The last week the boys were with us we headed to North Luzon north of Manila.

There we headed up into the mountains into the northern provinces. Once we crossed the border into the Mountain Province, the roads became dirt with many washed out places and ruts. One person we met said the province didn’t vote for the current government leader so no money was given to the province and people, instead it lined the pockets of the government leaders. The roads were dramatic and harrowing.

Often there was only a foot to spare to the edge with hundreds of feet dropping off on the side. Sometimes the bus top would barely clear the rock overhangs we went under, so much for the luxury bus.... “…air conditioning …”of course…they said. Well, it was hot and to make matters worse Ken was riding in the front seat, the rest of us were scattered throughout the bus. Ken kept complaining about the lack of A/C to the driver and then the driver’s helper would turn on the fan up to High to keep him happy…unknown to Ken every time he said something…the fan sucked up all the dust from the dirt road and blew it right through the A/C vents into everyone’s faces. Soon there was a routine, everyone would hear the big guy up front start to complain and then grab something to cover their heads and mouths. By the time we got to the first rest stop we were all filthy, looking as though someone had dumped brown talc powder over our heads… and feeling a little peeved at Ken.

We filled in him on the problem with the fan…of course he was about the only clean person left on the bus. When I slapped my leg a huge cloud of dust rose from my pants. So when he got in he said to the driver…”look, just tell me if the A/C doesn’t work and I will leave you alone. Everyone cringed when they heard him talking to the driver again…but now he was content and just sat back and enjoyed the heat. We did remind him he could be home in the snow, rain and cold! So we arrived to a mountain city to explore.

The buses drive into the river after for a much needed ‘car wash’.

The Filipinos there are much more traditional than other places and have a little different culture than on other islands and of course each one has their own local dialect to speak. We enjoyed going to the villages and learning about their traditions. For example, in the mountains, weddings are held outside and a water buffalo is sacrificed for the wedding food. The woman’s family must supply the food.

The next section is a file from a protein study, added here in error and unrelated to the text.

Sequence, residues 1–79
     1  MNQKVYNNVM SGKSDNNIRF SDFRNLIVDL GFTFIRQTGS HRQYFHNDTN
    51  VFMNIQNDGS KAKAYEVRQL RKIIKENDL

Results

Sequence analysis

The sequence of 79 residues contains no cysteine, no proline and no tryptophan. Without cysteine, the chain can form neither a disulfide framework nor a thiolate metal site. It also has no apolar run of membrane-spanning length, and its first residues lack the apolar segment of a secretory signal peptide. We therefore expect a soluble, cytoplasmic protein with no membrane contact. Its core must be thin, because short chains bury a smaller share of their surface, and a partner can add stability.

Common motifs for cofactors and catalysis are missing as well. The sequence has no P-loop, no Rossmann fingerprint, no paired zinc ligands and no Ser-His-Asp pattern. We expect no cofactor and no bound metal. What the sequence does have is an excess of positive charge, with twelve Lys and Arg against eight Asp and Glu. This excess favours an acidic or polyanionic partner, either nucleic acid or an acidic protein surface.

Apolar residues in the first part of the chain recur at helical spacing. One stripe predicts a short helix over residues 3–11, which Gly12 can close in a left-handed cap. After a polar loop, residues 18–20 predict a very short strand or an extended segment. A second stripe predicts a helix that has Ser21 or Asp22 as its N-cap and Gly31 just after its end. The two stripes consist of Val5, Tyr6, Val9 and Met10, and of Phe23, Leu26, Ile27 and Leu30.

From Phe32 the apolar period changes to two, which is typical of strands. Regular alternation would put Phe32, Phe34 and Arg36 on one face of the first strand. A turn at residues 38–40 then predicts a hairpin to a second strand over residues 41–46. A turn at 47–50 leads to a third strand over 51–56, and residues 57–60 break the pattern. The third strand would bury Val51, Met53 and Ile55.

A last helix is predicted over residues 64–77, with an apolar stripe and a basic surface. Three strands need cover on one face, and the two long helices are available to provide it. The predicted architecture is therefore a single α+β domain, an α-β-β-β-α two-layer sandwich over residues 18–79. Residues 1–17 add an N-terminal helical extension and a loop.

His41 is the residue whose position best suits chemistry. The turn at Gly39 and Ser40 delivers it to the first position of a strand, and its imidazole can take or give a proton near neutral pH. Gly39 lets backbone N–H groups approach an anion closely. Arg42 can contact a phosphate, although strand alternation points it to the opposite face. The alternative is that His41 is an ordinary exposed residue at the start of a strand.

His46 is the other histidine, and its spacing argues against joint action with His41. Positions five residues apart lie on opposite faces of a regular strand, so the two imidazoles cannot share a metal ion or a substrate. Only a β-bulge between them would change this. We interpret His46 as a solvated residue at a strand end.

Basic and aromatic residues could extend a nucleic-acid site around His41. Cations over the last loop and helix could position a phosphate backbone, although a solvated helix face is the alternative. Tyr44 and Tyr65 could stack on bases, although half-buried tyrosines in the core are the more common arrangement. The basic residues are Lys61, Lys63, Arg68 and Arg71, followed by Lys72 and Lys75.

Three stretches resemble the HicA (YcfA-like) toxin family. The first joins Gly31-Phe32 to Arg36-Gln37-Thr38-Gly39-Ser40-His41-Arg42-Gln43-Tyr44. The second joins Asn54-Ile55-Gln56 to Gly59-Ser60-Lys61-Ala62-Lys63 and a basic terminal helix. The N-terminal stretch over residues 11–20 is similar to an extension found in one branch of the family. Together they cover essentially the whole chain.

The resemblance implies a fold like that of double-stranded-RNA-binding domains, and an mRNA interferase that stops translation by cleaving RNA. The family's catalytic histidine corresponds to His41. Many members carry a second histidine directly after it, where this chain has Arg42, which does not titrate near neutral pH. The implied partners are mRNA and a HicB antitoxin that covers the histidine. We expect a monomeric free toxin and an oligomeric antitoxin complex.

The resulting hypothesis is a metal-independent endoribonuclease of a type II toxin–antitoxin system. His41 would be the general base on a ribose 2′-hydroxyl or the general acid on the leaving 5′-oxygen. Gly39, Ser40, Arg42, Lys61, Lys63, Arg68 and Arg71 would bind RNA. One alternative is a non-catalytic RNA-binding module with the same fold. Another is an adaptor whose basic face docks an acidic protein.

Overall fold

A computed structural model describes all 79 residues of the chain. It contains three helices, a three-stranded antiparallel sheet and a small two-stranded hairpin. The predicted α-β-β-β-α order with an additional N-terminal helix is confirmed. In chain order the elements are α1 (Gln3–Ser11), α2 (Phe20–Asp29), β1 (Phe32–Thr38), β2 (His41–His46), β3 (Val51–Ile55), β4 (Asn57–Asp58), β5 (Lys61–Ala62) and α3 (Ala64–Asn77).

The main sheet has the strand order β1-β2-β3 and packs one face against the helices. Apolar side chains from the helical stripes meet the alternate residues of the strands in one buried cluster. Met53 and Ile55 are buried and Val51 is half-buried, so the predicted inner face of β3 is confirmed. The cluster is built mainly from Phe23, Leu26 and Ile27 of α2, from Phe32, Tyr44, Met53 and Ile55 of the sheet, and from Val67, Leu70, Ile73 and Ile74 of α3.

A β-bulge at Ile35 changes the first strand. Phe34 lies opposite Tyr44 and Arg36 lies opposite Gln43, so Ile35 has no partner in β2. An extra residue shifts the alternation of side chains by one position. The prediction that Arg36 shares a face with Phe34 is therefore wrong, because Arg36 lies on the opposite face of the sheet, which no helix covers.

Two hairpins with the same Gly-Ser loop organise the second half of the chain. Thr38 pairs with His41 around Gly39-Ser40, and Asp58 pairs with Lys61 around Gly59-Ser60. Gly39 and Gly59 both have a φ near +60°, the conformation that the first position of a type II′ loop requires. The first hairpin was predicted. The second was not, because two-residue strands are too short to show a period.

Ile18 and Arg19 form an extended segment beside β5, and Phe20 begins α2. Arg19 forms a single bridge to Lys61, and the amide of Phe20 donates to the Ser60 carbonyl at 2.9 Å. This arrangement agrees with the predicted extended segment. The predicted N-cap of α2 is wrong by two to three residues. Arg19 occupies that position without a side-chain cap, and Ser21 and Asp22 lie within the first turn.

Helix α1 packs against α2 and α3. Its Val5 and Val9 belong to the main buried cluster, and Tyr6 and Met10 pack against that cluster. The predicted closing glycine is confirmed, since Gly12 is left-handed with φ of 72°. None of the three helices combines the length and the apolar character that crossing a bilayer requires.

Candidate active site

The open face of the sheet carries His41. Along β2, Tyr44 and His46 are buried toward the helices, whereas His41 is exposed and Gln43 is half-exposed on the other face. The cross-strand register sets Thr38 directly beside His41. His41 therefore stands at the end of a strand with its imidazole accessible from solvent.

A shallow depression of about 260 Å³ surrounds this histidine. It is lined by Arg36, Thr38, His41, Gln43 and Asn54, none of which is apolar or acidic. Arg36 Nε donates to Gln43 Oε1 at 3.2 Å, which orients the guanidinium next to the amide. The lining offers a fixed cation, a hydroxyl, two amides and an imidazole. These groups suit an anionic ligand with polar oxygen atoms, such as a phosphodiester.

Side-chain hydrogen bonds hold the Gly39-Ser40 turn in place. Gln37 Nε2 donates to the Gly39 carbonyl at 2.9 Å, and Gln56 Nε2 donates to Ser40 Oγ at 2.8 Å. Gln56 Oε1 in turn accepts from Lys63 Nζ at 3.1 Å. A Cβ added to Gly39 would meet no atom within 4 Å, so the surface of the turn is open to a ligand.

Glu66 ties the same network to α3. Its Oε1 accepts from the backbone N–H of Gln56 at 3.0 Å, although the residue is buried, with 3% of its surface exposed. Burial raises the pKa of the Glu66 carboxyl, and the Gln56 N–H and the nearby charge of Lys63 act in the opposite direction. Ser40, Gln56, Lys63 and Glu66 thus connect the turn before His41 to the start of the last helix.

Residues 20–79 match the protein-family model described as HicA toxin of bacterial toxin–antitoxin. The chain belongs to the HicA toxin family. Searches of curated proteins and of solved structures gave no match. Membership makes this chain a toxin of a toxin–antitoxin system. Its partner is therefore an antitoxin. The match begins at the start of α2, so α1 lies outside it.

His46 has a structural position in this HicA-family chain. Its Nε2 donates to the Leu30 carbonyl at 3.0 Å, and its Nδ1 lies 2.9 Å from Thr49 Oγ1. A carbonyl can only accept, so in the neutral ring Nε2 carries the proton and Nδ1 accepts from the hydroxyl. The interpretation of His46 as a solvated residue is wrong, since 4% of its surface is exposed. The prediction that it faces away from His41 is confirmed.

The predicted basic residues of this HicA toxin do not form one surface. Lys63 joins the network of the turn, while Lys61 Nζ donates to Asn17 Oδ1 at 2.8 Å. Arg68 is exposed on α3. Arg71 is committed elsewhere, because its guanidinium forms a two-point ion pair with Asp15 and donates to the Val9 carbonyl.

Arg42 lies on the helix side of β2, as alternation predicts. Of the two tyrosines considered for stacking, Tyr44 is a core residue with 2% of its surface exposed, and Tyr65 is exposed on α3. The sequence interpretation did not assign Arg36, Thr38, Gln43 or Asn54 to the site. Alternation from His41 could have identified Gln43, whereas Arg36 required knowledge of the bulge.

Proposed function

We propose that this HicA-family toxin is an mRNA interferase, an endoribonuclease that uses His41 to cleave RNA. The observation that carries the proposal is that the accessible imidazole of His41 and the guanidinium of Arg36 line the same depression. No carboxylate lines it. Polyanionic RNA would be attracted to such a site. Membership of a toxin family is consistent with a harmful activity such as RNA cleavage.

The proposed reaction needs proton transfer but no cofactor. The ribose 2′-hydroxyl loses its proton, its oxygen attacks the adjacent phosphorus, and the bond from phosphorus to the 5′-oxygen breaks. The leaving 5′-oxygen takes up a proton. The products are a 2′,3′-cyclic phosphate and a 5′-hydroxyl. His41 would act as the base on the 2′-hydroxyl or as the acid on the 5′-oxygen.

Then the horns are mounted on the walls of the building in remembrance of each of wedding couples. There were fire pits where the men would meet, Each rock of the fire pit is a symbol of victory over a neighboring tribe.)

The elder council, to decide things about village life, they still have their own methods of enforcing tribal rules/laws that are different than the usual Philippine laws. They used to sacrifice and hunt human heads, but now use pigs and chickens. There was also a hut where all unmarried women must move and live together once they reached puberty and became women. Women often were married by their teens.

One night in another nearby town we had asked about getting a massage. The owner of the guest house called in a woman for us. Well, the 4 guys all looked at each other and shook their heads no…I also felt this, but then tried to rise above her appearance and just enjoy a nice massage. Ok…I admit, she looked liked one tough cookie…I felt she could break me in two…she came up to my room and she did shed her big jacket, but never her wool toque (winter knitted cap) She turned out to be very nice and gave a decent massage too. However, it was difficult to relax when part way through a pig was squealing for a long time. She explained that the funeral we had seen on the streets earlier had been going on 10 days and nights and every night at midnight the family must sacrifice a pig. The pig’s squealing was when it was tied upside down to the pole and paraded down the street. It was killed in the middle of the town and a big fire was made for cooking it right in the middle of the street. Apparently the man who died was rich so the funeral had to last many days and the family had to feed the town every day. The masseuse invited me to go and join her, the food was free and I was welcome to join, but somehow I had no appetite for pork.

We hiked for the day through the terraces.

It was beautiful, the view was great and I really liked meeting and watching the local hill people.

They live a very simple and isolated lifestyle. They sleep inside, work and cook outside underneath their houses. The wealthier ones have tin roofs like this one, the more poor have a thatched roof.

Colin - Yup, it was an amazing trip. A little of everything, white beaches, mountain treks, partying, dancing, great people and of course all with the familia.

We had to do another jumping shot at the waterfall!

We visited a school up in the mountainside village. It was very simple, but I was surprised at how nice the classrooms were.